“Based on limited data, there is no evidence of BA.4 and BA.5 being associated with increased infection severity compared to the circulating variants BA.1 and BA.2,” the European Centre for Disease Prevention and Control (ECDC) said last week.

But rising cases can result in increasing hospitalisations and deaths, the ECDC warned.

Could masks be making a comeback over summer? (Photo by OSCAR DEL POZO / AFP)

Alain Fischer, who coordinates France’s pandemic vaccine strategy, warned that the country’s hospitalisations had begun to rise, which would likely lead to more intensive care admissions and eventually more deaths.

However, in Germany, virologist Klaus Stohr told the ZDF channel that “nothing dramatic will happen in the intensive care units in hospitals”.

Return of the mask? 

The ECDC called on European countries to “remain vigilant” by maintaining testing and surveillance systems.

“It is expected that additional booster doses will be needed for those groups most at risk of severe disease, in anticipation of future waves,” it added.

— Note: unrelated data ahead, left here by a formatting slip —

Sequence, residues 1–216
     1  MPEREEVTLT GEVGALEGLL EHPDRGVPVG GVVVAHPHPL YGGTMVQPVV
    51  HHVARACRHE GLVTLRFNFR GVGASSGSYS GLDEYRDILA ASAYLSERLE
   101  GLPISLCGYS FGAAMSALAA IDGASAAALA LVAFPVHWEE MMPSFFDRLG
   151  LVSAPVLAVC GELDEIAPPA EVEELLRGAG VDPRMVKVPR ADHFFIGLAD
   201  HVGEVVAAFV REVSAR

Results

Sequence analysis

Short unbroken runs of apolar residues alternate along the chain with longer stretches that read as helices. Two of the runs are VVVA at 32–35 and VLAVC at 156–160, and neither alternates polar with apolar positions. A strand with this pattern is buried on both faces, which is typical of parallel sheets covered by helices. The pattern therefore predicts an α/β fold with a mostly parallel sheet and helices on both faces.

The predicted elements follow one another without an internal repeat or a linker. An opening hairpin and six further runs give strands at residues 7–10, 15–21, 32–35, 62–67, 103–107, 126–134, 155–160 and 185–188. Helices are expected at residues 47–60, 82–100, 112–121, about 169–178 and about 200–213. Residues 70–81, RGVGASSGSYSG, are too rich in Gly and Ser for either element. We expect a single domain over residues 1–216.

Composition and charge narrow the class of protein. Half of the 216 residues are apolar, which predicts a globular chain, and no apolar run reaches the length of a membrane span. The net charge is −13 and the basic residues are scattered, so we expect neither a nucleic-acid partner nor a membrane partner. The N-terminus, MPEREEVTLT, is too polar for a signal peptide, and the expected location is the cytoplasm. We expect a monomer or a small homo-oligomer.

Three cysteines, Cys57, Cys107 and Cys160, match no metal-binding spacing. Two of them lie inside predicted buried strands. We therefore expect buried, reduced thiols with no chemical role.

Faced with rising cases, last week Italy’s government chose to extend a requirement to wear medical grade FFP2 masks on public transport until September 30.

“I want to continue to recommend protecting yourself by getting a second booster shot,” said Italy’s Health Minister Roberto Speranza, who recently tested positive for Covid.

READ ALSO: Spain to offer fourth Covid-19 vaccine dose to ‘entire population’

Fischer said France had “clearly insufficient vaccination rates” and that a second booster shot was needed.

Germany’s government is waiting on expert advice on June 30 to decide whether to reimpose mandatory mask-wearing rules indoors.

The chairman of the World Medical Association, German doctor Frank Ulrich Montgomery, has recommended a “toolbox” against the Covid wave that includes mask-wearing, vaccination and limiting the number of contacts.

SHOW COMMENTS